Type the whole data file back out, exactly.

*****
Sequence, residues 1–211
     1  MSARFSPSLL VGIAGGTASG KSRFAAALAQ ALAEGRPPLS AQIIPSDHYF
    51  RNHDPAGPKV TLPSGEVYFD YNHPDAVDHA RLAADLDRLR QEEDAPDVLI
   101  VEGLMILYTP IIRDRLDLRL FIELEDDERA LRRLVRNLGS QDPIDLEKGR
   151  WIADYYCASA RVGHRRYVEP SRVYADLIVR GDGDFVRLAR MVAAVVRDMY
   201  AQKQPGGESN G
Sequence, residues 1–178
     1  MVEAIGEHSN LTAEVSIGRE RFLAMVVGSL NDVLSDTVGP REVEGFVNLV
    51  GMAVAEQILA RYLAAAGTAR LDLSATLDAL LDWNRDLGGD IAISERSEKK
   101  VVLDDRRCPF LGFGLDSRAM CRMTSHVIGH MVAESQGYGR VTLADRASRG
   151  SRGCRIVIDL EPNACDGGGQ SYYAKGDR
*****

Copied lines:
Sequence, residues 1–211
     1  MSARFSPSLL VGIAGGTASG KSRFAAALAQ ALAEGRPPLS AQIIPSDHYF
    51  RNHDPAGPKV TLPSGEVYFD YNHPDAVDHA RLAADLDRLR QEEDAPDVLI
   101  VEGLMILYTP IIRDRLDLRL FIELEDDERA LRRLVRNLGS QDPIDLEKGR
   151  WIADYYCASA RVGHRRYVEP SRVYADLIVR GDGDFVRLAR MVAAVVRDMY
   201  AQKQPGGESN G
Sequence, residues 1–178
     1  MVEAIGEHSN LTAEVSIGRE RFLAMVVGSL NDVLSDTVGP REVEGFVNLV
    51  GMAVAEQILA RYLAAAGTAR LDLSATLDAL LDWNRDLGGD IAISERSEKK
   101  VVLDDRRCPF LGFGLDSRAM CRMTSHVIGH MVAESQGYGR VTLADRASRG
   151  SRGCRIVIDL EPNACDGGGQ SYYAKGDR